SIFEL (SImple Finite ELements) is an open-source computer finite element (FE) code that has been developed since 2001 at the Department of Mechanics of the Faculty of Civil Engineering of the Czech Technical University in Prague. It is C/C++ code parallelized with MPI. Developers requested a POP performance assessment of the PARGEF module containing the Schur complement method.
In the initial audit, we identified the structure and hotspots of the application. It performs a matrix factorization followed by an iterative solver. Besides an issue with load balance caused by a non-uniform mesh distribution, we came to the conclusion that the matrix factorization implementation is not efficient as it takes a disproportionate amount of time and more than 90 % of the runtime. Since the matrix factorization and the Schur complement computation is a well-studied mathematical and algorithmic problem that was already implemented in many math libraries, we decided to replace the original implementation by a call to the Pardiso library that is a part of the Math Kernel Library (MKL).
A system matrix in the original code was stored in symmetric skyline format and it was then factorized. For the Pardiso library, we stored the matrix into compressed sparse row (CSR) format trying both variants, general and symmetric matrix format. We prepared the appropriate interface for the Pardiso library and computed the factorization.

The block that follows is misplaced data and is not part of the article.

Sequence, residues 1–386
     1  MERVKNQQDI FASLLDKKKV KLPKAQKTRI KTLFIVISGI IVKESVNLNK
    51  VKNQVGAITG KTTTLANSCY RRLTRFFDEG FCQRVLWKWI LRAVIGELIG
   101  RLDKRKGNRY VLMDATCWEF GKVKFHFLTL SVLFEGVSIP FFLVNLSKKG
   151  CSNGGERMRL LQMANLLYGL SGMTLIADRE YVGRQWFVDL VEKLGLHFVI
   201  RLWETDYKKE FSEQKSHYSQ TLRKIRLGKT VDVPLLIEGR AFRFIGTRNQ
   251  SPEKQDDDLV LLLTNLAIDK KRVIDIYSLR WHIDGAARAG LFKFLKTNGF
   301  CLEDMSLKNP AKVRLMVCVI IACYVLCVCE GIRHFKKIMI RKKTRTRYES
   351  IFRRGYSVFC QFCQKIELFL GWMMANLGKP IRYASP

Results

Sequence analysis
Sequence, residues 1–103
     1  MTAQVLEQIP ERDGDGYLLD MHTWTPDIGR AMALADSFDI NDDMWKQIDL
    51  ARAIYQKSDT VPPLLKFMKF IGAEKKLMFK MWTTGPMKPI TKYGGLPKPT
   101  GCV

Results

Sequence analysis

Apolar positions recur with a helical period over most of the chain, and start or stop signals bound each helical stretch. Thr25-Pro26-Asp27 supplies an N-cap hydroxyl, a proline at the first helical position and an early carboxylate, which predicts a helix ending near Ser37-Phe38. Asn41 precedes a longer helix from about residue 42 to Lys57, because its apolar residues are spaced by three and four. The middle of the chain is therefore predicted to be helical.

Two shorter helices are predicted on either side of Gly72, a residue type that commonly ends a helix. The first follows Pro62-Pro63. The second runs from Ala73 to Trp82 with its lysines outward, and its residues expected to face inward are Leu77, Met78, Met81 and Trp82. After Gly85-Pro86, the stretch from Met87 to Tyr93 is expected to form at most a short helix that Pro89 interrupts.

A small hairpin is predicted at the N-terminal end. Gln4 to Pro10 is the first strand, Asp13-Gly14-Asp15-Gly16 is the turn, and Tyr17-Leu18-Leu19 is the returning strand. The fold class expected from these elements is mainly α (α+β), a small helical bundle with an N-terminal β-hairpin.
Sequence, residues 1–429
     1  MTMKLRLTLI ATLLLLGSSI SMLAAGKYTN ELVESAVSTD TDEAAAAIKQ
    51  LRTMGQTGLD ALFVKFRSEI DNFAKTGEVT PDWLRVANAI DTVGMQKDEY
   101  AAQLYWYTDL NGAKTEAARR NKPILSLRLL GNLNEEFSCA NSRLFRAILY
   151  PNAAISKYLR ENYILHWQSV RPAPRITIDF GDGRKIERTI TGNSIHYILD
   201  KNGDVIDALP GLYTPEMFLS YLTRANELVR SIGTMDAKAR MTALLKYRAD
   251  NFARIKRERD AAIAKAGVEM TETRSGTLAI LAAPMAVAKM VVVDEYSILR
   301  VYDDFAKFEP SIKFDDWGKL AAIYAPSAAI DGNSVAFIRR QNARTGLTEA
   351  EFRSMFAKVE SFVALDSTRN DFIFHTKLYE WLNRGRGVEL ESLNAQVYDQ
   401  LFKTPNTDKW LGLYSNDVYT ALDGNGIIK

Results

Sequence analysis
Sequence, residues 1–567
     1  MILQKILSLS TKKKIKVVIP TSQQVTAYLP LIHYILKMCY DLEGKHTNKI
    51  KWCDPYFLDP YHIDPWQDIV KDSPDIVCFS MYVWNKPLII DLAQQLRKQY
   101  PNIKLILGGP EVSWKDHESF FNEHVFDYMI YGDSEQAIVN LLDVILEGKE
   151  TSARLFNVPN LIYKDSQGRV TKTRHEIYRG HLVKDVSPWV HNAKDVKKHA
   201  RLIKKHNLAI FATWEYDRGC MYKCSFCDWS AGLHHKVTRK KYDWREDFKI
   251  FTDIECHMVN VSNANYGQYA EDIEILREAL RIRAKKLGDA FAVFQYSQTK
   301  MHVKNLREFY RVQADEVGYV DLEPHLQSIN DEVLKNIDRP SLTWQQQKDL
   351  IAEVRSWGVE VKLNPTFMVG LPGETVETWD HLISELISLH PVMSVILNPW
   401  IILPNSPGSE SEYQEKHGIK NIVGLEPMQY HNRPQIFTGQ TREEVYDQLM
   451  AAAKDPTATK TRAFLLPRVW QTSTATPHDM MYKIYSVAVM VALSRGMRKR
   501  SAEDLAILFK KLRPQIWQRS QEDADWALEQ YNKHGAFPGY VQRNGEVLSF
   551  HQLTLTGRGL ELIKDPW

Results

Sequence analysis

Figure 1: Traces of the original factorization with symmetric skyline matrix format, MKL factorization with general CSR matrix format, and MKL factorization with symmetric CSR matrix format.
In Figure 1, we can see the difference between the original implementation and the implementation within the Pardiso library (MKL). Application runtime is on the x-axis and individual processes are on the y-axis. Black is idle corresponding to the end of the application, other colors indicate various states, where blue is a computation, red is synchronization or communication. By the yellow lines, the communication flow is depicted. On the tested case, where the input matrix is of size ~45Kx45K with ~800K nonzero elements and the size of the Schur complement matrix varies from 600 to 1200 across 36 MPI processes on a single node of the Barbora cluster at IT4Innovations Supercomputing Center, the speedup is 27.81 and 29.65 for general and symmetric matrix, respectively.
Table 1: Overview of the runtime, total useful duration, total useful instructions, IPC, and frequency with the relative ratio to the original code stated in brackets.
An explanation for the speedup when using the MKL library instead of the original implementation can be found in Table 1. The main reason is the reduction of instructions. When adding also higher average IPC and lower frequency that is probably caused by utilizing vector instructions, we obtain the measured speedups.
-- Lukáš Malý (IT4I)